I’ve written at length about socioeconomic inequality in America, and this will be my last of three posts on the subject, at least for now. But what does this inequality I’ve been discussing look like? How and where has it grown, and what are the trends for the future?
Mother Jones has posted a series of eye-opening charts that highlight the extent to which the gap between rich and poor has grown, especially in terms of income. I’ve shared them below. You can check out similar graphics that deal with the jobless recovery, a breakdown of the 1%, and taxation of the very wealthy.
Note: The 2007 data (the most current) doesn't reflect the impact of the housing market crash. In 2007, the bottom 60% of Americans had 65% of their net worth tied up in their homes. The top 1%, in contrast, had just 10%. The housing crisis has no doubt further swelled the share of total net worth held by the super-rich. The super-rich have grabbed the bulk of the past three decades' gains.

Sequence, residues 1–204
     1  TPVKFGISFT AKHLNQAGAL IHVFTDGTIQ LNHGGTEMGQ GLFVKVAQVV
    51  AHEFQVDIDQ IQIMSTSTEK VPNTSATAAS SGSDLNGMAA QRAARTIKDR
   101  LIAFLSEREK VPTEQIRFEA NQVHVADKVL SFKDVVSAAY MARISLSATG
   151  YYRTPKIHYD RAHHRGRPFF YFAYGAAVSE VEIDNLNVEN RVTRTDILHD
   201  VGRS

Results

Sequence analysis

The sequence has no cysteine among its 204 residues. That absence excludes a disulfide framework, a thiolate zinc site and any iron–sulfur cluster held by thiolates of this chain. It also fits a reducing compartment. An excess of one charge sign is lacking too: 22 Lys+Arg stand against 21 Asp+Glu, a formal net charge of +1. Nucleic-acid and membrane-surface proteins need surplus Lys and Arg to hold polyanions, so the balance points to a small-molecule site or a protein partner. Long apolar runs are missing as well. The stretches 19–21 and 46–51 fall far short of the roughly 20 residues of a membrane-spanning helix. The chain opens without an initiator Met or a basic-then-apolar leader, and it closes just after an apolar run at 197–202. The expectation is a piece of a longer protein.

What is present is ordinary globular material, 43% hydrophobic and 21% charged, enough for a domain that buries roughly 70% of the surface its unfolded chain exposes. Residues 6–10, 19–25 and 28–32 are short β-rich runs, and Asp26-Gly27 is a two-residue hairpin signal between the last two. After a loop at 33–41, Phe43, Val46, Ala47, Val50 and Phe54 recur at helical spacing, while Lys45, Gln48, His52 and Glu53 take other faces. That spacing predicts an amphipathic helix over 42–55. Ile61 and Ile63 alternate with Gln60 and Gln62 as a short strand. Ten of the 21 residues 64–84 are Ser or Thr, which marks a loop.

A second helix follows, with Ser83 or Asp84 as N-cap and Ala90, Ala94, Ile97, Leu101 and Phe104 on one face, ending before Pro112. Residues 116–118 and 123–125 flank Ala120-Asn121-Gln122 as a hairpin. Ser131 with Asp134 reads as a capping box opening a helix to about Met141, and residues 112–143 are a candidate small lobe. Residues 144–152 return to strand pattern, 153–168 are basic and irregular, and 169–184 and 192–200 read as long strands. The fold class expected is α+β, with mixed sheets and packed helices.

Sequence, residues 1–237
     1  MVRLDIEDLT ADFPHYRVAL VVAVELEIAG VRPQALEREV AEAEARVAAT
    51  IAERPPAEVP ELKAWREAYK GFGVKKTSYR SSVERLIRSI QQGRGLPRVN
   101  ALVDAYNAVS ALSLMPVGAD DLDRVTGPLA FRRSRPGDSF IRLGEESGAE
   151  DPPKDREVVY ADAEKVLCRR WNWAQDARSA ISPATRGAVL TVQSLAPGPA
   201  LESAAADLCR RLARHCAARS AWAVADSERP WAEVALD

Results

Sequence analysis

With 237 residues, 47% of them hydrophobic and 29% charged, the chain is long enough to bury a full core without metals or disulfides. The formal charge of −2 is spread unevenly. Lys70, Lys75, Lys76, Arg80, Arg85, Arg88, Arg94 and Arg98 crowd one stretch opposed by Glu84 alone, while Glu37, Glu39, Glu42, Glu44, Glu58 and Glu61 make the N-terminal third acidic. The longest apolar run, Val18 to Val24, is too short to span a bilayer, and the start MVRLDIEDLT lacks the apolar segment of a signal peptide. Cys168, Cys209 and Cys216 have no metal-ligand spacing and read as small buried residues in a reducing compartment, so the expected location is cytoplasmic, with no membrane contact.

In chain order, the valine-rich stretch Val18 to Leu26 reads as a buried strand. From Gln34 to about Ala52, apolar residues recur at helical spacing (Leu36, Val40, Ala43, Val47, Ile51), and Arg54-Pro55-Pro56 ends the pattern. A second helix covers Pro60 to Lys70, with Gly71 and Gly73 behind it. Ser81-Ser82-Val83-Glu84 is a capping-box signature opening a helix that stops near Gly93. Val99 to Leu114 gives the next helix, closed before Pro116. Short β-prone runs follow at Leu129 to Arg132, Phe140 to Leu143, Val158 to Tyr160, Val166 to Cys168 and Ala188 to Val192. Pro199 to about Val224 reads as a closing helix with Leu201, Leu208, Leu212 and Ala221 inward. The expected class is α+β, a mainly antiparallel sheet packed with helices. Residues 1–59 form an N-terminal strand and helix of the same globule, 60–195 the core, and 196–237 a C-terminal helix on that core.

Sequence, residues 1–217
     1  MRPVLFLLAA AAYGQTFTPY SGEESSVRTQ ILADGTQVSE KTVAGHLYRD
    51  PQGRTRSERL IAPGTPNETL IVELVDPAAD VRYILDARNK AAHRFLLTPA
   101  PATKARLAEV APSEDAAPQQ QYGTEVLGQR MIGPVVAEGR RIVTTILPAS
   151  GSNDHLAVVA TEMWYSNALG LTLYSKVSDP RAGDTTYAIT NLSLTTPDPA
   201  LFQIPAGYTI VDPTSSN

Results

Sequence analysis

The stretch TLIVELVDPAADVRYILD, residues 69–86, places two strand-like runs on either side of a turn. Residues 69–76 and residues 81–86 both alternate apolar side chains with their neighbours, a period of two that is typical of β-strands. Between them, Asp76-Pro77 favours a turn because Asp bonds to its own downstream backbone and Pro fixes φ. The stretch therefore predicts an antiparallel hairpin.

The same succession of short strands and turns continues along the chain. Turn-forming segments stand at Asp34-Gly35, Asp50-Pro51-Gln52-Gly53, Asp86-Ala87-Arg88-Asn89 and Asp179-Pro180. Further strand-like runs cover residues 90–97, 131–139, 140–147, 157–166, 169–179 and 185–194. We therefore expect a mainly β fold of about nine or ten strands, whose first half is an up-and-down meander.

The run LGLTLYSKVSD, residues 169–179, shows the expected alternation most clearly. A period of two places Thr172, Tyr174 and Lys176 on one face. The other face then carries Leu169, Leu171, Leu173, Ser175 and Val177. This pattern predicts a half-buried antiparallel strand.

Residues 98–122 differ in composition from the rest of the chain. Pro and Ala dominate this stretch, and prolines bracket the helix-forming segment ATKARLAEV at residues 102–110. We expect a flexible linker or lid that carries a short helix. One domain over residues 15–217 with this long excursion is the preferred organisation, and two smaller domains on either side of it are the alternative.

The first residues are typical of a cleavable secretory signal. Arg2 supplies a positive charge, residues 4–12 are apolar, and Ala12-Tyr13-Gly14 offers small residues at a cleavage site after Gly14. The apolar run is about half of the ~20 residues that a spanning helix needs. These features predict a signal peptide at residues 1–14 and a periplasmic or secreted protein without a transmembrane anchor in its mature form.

A Harvard business prof and a behavioral economist recently asked more than 5,000 Americans how they thought wealth is distributed in the United States. Most thought that it’s more balanced than it actually is. Asked to choose their ideal distribution of wealth, 92% picked one that was even more equitable.
Why Washington is closer to Wall Street than Main Street.
|Rep. Darrell Issa (R-Calif.)
|Rep. Jane Harman (D-Calif.)
|Rep. Vern Buchanan (R-Fla.)
|Sen. John Kerry (D-Mass.)
|Rep. Jared Polis (D-Colo.)
|Sen. Mark Warner (D-Va.)
|Sen. Herb Kohl (D-Wisc.)
|Rep. Michael McCaul (R-Texas)